There are plenty of Facebook groups out there that allow for video promotion. Search the game you are covering and change the results to group. Join a bunch and begin your promotion. Make sure you read the rules and don’t expect to get far if all you do is spam. There are also plenty of video game and YouTube related groups that allow for promotion to try your hand at as well. Google+ can be a little trickier but again the views and subscribers are there for those active within the community. The communities on Google+ appear more broad and same rules as the Facebook groups apply.
If you are willing to be a part of the community Tumblr can be a great source of traffic to your channel. I have witnessed friends succeed at this. They post a lot of non-YouTube things that are still in the same theme as their channel so when someone follows them they are already receptive to the type of content they create.
Tumblr is not for everybody.
My Tumblr is an unashamed link dump but one thing I do do is log in and change the tags on my videos to popular relevant tags. This has brought some views and subscribers to my channel.
This can be tricky but very rewarding. Your goal is to find wikis where your videos are suitable. Most have a guides or videos section. Like it says put your guides and videos there. Any video you have that might give someone information has potential to be on a wiki. Always check the rules of a wiki before posting edits and don’t be scared to defend your videos from time to time from overzealous editors.
More Websites For Potential Promotion and Google Backlinks
There is a little website called IFTTT that allows you to make "recipes" that create auto posts when a video goes live on YouTube. This is fantastic to get your videos to auto post to say your Tumblr. I recommend giving it a go and exploring every site it has available for recipes. You can use a string of connected recipes to create high tier Google backlinks to your videos as well. Don't expect a massive result from this however as the competition on Google is intense.
Three Other Websites to Invest in
Once you have a Pinterest account you can manually pin share your YouTube videos to your pages. A good tactic to use is to make a few boards with themes and populate them with similar images and videos. Remember to cover as many themes as you reasonably when pinning.
Very much the same vein as Pinterest. Remember to make those lists and populate them.
People still use digg. Posting to digg is as simple as clicking the share filling the boxes and letting it on it's way.
These sites have brought me viewers and subscribers
Other Creators (notsub4sub)
This is hard work for minor reward (I still recommend this). Go watch smaller channels and write genuine comments (commenting on a big Tubers channel? Be sure to thumb up your own comment for exposure). Talk to them, they might sub, one of their subs might sub. Even if you get one view it's still a win and it's a great way to make like-minded friends.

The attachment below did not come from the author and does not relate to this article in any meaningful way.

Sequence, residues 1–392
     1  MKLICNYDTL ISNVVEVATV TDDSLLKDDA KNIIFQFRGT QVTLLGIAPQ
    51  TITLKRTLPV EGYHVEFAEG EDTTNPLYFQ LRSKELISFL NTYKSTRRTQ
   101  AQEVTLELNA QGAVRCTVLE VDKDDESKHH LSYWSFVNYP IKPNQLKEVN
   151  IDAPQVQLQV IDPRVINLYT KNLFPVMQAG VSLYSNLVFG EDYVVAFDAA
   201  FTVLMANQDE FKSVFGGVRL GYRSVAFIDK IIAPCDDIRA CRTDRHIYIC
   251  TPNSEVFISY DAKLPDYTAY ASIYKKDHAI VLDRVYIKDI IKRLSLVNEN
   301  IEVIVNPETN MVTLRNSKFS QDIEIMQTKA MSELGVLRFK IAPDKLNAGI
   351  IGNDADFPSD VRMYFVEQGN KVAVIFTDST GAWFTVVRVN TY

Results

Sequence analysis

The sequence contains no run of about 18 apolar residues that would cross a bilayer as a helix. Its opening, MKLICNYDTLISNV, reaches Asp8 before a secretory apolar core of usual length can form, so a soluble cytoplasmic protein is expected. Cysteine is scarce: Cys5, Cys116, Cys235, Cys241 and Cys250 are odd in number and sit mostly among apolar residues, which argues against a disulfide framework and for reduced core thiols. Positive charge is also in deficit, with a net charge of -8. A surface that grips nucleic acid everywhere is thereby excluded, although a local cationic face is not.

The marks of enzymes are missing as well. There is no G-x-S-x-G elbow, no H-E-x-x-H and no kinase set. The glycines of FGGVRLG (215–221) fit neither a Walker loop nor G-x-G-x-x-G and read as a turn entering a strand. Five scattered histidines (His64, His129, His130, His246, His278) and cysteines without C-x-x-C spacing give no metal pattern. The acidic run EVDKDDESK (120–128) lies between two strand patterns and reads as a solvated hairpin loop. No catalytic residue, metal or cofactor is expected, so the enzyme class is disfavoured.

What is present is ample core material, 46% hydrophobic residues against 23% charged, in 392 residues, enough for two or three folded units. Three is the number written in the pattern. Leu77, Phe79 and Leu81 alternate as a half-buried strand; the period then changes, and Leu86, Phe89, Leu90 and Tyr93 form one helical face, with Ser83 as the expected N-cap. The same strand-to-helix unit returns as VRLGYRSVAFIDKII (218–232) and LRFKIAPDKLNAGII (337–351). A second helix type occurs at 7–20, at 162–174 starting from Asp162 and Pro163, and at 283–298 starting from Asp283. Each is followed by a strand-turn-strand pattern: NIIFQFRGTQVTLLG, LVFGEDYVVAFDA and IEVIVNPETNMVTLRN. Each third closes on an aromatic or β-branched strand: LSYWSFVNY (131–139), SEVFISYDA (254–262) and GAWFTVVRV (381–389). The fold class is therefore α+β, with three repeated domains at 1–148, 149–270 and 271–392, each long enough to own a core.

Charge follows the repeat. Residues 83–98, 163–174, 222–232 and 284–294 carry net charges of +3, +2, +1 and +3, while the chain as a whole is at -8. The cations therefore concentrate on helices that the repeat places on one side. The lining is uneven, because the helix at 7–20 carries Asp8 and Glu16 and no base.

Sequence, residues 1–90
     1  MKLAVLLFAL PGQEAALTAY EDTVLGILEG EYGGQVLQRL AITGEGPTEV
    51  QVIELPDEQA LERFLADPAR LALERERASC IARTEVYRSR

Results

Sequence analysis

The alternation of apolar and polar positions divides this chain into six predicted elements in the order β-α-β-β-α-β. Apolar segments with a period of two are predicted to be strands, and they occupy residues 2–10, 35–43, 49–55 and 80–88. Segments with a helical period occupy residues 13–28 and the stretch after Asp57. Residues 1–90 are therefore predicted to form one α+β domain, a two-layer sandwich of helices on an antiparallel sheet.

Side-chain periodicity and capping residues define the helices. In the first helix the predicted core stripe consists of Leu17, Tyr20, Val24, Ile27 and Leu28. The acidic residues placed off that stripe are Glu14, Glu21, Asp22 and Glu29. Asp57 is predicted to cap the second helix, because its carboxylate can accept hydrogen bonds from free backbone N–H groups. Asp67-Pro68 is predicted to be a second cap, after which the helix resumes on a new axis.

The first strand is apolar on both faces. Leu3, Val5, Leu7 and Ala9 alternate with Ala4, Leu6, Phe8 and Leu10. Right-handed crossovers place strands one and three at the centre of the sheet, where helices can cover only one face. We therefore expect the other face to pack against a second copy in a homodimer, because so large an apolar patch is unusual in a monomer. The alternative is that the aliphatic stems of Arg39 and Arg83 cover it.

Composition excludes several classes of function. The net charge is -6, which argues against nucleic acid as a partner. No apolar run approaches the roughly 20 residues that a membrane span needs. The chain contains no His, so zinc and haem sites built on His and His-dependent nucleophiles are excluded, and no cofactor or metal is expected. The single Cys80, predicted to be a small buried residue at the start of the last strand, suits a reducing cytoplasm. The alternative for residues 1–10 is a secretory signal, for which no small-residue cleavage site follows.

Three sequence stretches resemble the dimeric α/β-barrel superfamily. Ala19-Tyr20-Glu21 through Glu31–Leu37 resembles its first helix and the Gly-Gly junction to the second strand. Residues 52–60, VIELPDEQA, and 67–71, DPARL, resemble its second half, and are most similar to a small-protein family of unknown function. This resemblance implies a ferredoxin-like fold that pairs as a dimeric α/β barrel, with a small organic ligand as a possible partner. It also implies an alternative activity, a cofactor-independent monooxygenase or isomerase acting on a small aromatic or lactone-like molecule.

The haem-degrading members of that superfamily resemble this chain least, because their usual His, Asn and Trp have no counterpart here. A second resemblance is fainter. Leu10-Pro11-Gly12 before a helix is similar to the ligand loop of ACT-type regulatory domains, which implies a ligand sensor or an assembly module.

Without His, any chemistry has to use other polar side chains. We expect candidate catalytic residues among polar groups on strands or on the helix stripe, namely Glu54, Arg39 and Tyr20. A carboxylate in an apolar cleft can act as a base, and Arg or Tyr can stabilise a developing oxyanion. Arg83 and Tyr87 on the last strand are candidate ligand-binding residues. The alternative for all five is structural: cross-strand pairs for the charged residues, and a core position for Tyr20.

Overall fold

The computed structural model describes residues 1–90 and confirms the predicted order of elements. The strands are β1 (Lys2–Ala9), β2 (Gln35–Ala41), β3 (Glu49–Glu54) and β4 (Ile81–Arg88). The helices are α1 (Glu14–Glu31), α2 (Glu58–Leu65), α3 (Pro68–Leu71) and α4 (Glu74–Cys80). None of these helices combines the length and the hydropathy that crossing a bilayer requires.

sub4sub (sub me I sub u)
It’s cheap dirty and has a low pay-off aside from making your channel look bigger. They find smaller guys and ask them to sub4sub with all kinds of wording. I don't do it. I usually call out sub4subbers unless they seem nice. No real loss to it. Decide if it's for you. I strongly advise against this if you want real growth.
In no particular order these are the types of video titles that get the most views on gaming channels:
- how to
- top x videos
If you copy/are copying another channel you have to stay like that. I say it's stupid. Be yourself, always. Be careful of following too many trends be it editing styles or games or channels. A bit of "I do whatever I want" will go a long way.
My Extra Opinions
Don't split your audience.
Keep everything on one channel.
If you are covering a niche then yes keep that niche to its own place
Otherwise want to do a cover song? Same channel. Want to do an exercise video? Same channel. Want to do arts and crafts? Same channel.
People subscribe for you not the game you are playing (unless niche) let them see all of you.
SEO is your main tool for growth so use it and never stop learning about it.
Experimenting with keywords and tags are best tools to find what works for you. Don't expect trends to change, always optimise for what is happening, and yes I have seen plenty of foolish uninformed people optimise for things nobody is searching.
Have a look and my channel (its growth not the videos). Look through my channel, see my different uses of SEO and internal promotion. One of my first videos is still one of my biggest and every week I am working towards finding new ways to get views.
There you have it, everything I know about growing a YouTube gaming channel. I hope you leaned something that can help you on your journey.
Alright team how’d we find that one? Hope you enjoyed and as always don’t be scared to leave me some feedback.
Next Article: How To Optimise A YouTube Gaming Channel (link when it is written)
Stickman Feb 2016